Do you think that’s part of human nature? To push on and ignore the danger at our door? Or do you think Philadelphia’s ignorance—or for that matter, any ignorance/false sense of safety in modern days as well—can be pinned on politicians? Can you think of any examples where something similar happened, but rather than the Dead, it was a natural disaster/growing crime rate/etc.?
It is very much a part of human nature to want to ignore the ugly things in our life. I was actually just having a conversation with someone yesterday how when people talk about "cleaning up cities," that often means kicking out homeless people. And because that conversation is on my mind, I'm going to be using this as an example throughout this post.

So, when the homeless are forced to relocate, do these people magically have somewhere to live? Of course not, but they are someone else's problem now. Meanwhile, the leaders of a city can point and go "Look! The percentage of homeless in our city has decreased so much! Don't forget to vote!" (To get an idea of what I'm talking about, check out thisthis, or this.)
In the context of Something Strange and Deadly, is this mentality any different from how Philly treats the Spirit-Hunters? Do what you have to, they are essentially saying, but just keep it quiet. Out of the public eye. Appearance is more important than actual safety.
So in a way, these means of "dealing" with problems, can be pinned on politicians. If they can claim that their streets are safer, even if it's all superficial, they can use that to advance their careers. But truly, it's the people's fault for not calling them out on this. Other than Eleanor, who stands up for the Spirit-Hunters throughout the book? Who sees the importance of vanquishing the Dead instead of just hoping they'll vanish? 
How many times, when you were in a city, have you passed a homeless person and pretended not to see them?

It isn't just the politicians' responsibility to deal with our society's problems. It's ours, too. And it may be human nature to ignore the ugly stuff, but that doesn't make it go away. Whether the problem is the Dead, or helping the homeless, or Global Warming- this list could go on and on-it is up to us to do something about it.

Eleanor learns this. It's about time we did, too. 
Reblogged from Bookish Quotes:

“There is more treasure in books than in all the pirates’ loot on Treasure Island and best of all, you can enjoy these riches every day of your life” ~ Walt Disney

Book Review: Everneath by Brodi Ashton

Everneath -

The hands-down, best part of Everneath? The formatting. As boring as that sounds, let me explain, because it's actually really cool. Everneath starts after Nikki returns from the Underworld. Therefore, each chapter heading counts down how many days she has until she must go back. HOWEVER, the story is also told from before she went to the Everneath with the same countdown. This is a brilliant way to handle flashbacks and gives the reader a better insight into her character.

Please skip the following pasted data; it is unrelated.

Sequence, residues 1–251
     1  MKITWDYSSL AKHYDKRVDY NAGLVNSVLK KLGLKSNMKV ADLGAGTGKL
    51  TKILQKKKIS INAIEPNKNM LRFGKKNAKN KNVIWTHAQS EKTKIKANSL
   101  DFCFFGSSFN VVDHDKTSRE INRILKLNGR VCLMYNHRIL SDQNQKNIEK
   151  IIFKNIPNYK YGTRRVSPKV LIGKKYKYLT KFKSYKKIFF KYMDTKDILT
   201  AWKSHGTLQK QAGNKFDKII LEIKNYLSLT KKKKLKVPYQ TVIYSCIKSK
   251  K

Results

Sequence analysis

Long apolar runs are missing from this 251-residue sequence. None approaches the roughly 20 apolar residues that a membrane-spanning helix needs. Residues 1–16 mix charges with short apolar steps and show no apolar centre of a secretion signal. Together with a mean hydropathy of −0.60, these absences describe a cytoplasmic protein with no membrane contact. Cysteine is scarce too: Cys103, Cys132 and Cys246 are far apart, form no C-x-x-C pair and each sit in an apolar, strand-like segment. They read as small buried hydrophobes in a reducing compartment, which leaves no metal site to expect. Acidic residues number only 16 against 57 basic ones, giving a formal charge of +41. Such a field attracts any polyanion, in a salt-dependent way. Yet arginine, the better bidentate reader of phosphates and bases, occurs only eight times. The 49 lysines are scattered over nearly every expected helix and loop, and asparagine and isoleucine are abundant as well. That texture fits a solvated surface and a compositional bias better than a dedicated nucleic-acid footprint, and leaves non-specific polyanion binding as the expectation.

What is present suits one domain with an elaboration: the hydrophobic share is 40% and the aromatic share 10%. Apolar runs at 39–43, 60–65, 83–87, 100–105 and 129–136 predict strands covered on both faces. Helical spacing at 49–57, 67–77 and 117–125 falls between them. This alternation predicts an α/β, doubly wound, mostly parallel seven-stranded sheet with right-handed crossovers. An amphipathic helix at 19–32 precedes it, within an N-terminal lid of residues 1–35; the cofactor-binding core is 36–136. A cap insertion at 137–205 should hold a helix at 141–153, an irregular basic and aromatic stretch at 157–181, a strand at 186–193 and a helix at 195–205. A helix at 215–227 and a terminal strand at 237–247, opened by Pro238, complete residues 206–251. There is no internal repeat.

Another great part is that Cole's character isn't glorified. It is made very clear that any relationship he may have had/has with Nikki is abusive- he's manipulative, selfish, and dangerous. This doesn't mean that he lacks a sympathetic side- people are complex, after all- but his many negative behaviors aren't romanticized. His character has a lot of potential to develop throughout the rest of the series. Is he redeemable? We'll just have to wait and see!

Then there's Jack, and here is where I began to have troubles. Jack is agood guy, ultimately. It's easy to understand what Nikki sees in him and I love that they have a history of friendship (before their dating days). In fact, it's that history that allowed me to really believe in their commitment to each other. However, there are a few behaviors of Jack's that really bugged me, like when he pinned her to her locker in order to make her to talk to him, or grabbed her arm for the same purpose. Or when he told his friend that he didn't have Jack's permission to date Nikki three years before the book takes place. (Made worse by the fact that Jack was going out with, as Nikki puts it, "everybody" at this time, though apparently Nikki didn't have the same right.) This manhandling and possessiveness isn't okay- in fact, it's sexist behavior, plain and simple, from a character that the reader is supposed to find attractive and romantic. In the whole scheme of the book, these are small moments, but they are small moments that perpetuate negative standards.

On the upside, there is a great family dynamic. In fact, I wish there had been more, especially with her younger brother. But Nikki really cares about her father and he is trying to be a good parent in his way. Both Nikki and her father have to grow and throughout their difficulties, their love is evident. I loved that Ashton shows how the family is affected by all of the paranormal stuff that's going on, while they're still coping with the problems in their everyday lives.